As a geoscience educator I emphasize geologic principles, scientific reasoning, and the societal utility of geoscience research. I commonly integrate drawing and visualization activities to reinforce key concepts. I am a proponent of field-based teaching through mapping and outcrop interpretation exercises–the best geologists are those that have seen the most rocks.


Illustrating the strike and dip of foliation using a field book, Qoomalangma Detachment, southern Tibet

Teaching Assistant at the University of Arizona, Department of Geosciences:

Structural Geology (Dr. Kapp, Spring 2014, Fall 2014, Spring 2016): As a teaching assistant for Structural Geology laboratory, I led two, four-hour laboratory classes per week with 20-30 students per class. Laboratory exercises focused on the principles of structural geology, including stress and strain, three-point problems, orthographic projection, geologic mapping, cross section construction and interpretation, and fabric analysis. I developed a laboratory exercise on stress and strain, a computer lab based exercise on research methods for a term paper, and led day-long field trips focused on geologic mapping in the Tucson and Catalina Mountains.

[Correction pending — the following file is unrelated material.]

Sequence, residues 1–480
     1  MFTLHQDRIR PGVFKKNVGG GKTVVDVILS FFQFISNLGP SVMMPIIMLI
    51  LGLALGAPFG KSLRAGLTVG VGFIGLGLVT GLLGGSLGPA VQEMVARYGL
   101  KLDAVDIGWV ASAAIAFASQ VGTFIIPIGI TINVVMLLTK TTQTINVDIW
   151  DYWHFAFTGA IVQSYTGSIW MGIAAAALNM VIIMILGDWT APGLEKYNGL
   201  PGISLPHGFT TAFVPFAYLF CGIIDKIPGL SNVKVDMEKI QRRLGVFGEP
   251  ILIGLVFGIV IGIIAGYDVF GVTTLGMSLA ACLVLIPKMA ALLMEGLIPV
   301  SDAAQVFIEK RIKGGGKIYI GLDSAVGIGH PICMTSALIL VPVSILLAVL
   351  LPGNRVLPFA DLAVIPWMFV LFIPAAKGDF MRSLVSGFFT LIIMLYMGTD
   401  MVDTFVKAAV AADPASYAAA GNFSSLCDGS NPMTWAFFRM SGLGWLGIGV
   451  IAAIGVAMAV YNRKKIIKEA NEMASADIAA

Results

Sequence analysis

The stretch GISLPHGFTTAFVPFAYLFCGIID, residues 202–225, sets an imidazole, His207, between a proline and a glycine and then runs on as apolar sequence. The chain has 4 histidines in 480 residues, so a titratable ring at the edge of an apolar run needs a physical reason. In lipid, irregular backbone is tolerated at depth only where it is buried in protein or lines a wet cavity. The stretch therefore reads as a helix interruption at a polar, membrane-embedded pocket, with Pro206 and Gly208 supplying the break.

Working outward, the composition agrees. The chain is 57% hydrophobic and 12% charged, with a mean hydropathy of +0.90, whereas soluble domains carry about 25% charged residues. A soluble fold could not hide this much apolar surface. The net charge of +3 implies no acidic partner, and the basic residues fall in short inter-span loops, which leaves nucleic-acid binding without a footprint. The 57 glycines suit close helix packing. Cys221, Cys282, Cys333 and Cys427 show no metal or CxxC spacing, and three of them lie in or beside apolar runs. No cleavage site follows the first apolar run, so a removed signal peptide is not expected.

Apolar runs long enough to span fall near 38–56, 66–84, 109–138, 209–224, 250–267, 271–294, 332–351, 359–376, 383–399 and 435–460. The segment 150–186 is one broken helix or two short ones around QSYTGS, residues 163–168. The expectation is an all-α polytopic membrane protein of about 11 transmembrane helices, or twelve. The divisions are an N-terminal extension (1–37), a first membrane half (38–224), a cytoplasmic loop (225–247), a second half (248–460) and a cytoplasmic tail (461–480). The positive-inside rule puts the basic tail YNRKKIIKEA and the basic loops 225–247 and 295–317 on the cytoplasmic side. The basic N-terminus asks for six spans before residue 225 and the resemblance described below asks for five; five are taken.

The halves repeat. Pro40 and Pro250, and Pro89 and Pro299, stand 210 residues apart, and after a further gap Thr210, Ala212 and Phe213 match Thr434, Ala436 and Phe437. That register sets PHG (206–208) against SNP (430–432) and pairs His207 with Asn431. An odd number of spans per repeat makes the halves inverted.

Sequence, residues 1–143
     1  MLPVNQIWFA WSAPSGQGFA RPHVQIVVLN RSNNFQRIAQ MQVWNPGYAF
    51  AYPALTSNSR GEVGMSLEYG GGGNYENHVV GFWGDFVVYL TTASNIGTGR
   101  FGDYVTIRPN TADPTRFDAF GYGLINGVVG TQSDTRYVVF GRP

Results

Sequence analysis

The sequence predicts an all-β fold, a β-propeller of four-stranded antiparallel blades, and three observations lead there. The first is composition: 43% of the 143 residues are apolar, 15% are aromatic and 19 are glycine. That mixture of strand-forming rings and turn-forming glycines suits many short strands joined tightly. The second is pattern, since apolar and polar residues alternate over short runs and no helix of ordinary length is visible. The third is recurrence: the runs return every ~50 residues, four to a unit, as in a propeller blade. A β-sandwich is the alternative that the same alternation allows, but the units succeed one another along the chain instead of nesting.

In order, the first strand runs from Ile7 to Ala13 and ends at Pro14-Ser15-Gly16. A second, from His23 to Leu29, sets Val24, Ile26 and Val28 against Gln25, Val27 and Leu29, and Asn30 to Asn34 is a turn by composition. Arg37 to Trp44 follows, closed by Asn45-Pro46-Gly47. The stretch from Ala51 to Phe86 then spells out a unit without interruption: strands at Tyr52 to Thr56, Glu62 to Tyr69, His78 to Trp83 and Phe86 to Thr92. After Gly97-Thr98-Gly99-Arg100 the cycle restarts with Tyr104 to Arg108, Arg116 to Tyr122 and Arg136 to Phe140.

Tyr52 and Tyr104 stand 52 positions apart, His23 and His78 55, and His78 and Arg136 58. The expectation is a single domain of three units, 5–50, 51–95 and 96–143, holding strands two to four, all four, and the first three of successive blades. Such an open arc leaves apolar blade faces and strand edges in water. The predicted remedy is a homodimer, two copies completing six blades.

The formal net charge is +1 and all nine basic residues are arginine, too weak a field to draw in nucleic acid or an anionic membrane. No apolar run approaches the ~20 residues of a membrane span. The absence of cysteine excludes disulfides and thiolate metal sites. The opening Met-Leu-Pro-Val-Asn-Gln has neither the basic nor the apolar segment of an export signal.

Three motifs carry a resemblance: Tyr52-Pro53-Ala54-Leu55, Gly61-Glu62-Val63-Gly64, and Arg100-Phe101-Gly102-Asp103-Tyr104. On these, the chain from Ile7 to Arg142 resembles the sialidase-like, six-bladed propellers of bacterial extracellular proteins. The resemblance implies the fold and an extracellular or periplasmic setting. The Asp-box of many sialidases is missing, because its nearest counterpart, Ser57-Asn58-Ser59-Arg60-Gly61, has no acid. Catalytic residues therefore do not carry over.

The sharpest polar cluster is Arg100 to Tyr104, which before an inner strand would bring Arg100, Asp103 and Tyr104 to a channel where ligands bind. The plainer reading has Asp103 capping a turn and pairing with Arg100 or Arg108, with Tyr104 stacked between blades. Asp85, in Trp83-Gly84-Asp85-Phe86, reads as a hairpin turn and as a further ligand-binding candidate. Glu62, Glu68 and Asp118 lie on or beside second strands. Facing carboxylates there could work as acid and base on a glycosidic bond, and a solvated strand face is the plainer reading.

Physical Geology (Dr. Gehrels, Fall 2010, Fall 2012, Fall 2015): As a teaching assistant for physical geology I led 2-3, three-hour laboratory classes per week with 20-30 students per class. Laboratory exercises focused on the basic principles of geology, rock and mineral identification, geologic map interpretation, and geologic history reconstruction. In addition, I led in-class and weekend field trips to the Tucson, Catalina, and Whetstone Mountains to reinforce concepts and teach field methods.

Oceanography (Dr. Gehrels, Spring 2012): As a teaching assistant for oceanography I led weekly study sessions to reinforce geographic, geologic, and oceanographic concepts, conduct map interpretation exercises, and help with homework and projects. I also served as a guest lecturer. Study sessions typically numbered 30 students and the lecture numbered more than 300.

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